The poem by Edward Thomas titled “The Path” is an intriguing, suggestive work that can be understood in various ways, both literal and symbolic. On one hand the poem seems to describe an actual path that runs alongside a road that itself runs along the edge of a very steep hill. Below are woods:
Running along a bank, a parapet
That saves from the precipitous wood below
The level road, there is a path. (1-3)
Children walking along the path see the steep hillside and a fallen tree below; adults do not look down over the hill, preferring instead the view that they can see simply from the road (4-8). The path winds along the side of the road, just on this side of the steep drop-off; it is bordered by moss that tries to grow out into the path, but the moss is worn down by the feet of children walking on it. So far, so good. But then the speaker says that the road leads to no house nor to any school, that it is rare to see a child on the road and that the path ends suddenly “where the wood ends” (22).
Until we reach line 16, then, the poem makes perfect literal sense. Beginning with line 16, questions arise. If few children take this route (“To see a child is rare there” ), why did the speaker earlier claim that the path had been worn flat and bare by the feet of walking children? Is the speaker therefore making a very strong distinction between the road and the path, suggesting that children often walk on the path but very rarely walk on the road? And why does the path end where the woods end? What lies beyond the woods? Does the road continue even though the path ends? Why is so much made of the difference between the perceptions of adults and children? And why is the path described as one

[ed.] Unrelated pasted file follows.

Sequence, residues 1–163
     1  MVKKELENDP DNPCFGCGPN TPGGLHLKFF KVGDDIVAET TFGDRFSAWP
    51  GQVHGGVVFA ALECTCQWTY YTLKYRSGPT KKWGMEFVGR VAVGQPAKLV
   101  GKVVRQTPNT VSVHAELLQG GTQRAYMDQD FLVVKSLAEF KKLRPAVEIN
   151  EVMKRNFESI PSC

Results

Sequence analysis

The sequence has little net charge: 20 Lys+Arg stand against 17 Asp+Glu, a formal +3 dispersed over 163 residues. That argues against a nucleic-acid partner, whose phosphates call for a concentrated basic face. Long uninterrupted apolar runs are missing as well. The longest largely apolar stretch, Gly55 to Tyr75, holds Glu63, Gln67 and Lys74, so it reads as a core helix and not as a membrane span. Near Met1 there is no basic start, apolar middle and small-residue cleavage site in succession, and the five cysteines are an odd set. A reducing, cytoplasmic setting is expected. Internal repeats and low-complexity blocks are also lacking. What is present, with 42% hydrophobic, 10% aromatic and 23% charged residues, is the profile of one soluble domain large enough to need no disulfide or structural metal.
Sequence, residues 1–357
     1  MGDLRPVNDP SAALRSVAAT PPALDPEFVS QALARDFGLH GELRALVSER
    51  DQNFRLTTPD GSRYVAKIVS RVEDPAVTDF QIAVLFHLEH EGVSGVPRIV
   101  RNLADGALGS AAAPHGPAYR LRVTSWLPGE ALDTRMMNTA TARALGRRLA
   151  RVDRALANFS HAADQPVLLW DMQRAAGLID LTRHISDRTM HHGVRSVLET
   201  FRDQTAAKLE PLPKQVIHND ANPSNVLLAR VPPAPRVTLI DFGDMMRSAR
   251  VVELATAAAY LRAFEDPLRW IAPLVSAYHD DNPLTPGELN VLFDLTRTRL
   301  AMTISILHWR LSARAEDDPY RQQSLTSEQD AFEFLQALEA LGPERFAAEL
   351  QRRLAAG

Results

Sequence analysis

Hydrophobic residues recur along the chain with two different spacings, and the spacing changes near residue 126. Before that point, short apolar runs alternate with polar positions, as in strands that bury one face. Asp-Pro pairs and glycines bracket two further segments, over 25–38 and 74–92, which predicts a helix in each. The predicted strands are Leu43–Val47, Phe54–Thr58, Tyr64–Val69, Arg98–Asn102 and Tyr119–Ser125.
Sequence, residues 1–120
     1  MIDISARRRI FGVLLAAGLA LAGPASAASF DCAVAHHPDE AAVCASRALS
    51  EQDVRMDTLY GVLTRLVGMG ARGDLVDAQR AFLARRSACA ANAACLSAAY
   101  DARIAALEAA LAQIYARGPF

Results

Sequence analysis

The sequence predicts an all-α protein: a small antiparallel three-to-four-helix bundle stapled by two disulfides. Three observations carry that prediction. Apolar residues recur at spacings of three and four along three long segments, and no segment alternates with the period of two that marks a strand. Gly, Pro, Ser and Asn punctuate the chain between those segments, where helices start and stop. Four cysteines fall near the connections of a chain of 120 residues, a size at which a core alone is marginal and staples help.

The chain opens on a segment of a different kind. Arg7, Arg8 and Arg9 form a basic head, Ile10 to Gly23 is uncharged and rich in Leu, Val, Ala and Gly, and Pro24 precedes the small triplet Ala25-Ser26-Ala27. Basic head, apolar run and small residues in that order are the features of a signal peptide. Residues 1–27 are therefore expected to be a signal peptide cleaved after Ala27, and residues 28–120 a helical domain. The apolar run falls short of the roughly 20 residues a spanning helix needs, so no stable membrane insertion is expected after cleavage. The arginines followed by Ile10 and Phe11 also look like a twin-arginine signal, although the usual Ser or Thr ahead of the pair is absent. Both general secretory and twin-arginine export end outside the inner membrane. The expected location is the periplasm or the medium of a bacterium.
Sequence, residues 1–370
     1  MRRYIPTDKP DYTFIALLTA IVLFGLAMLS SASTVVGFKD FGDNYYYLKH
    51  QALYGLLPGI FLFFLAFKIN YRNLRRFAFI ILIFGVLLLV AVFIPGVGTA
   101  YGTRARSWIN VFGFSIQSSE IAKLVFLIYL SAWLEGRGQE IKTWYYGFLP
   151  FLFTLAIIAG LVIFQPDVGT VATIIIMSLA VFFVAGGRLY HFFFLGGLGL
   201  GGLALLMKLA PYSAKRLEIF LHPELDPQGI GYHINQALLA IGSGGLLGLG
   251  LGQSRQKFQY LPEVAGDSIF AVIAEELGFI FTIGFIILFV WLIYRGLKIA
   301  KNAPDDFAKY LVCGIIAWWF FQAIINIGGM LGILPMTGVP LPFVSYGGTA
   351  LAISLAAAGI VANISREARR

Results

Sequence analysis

. . . that looks
As if it led on to some legendary
Or fancied place where men have wished to go
And stay . . . (19-22) ?
The first fifteen lines of the poem raise no great questions; the last seven lines raise numerous questions indeed. Does the path symbolize the life of a growing child? Does the greater perception of the children suggest that we grow less perceptive as we grow older? Is the path worn down in the sense that all children must traverse the same basic path as children but then leave that path behind as they become adults? Do the woods represent adulthood? This latter possibility would make sense if the road represented the route that adults must take when they leave childhood and enter adulthood. If so, then why does the speaker say that to see a child on the road is rare; wouldn’t it make more symbolic sense if one never saw a child on the road? Do the final lines suggest that many adults have wished they could have continued following the paths they charted in their childhoods?
Thomas’s poem raises many such questions, as well as others, but it offers no clear answers. Its chief effect is to promote thought and reflection, and perhaps that is enough to ask of any poem.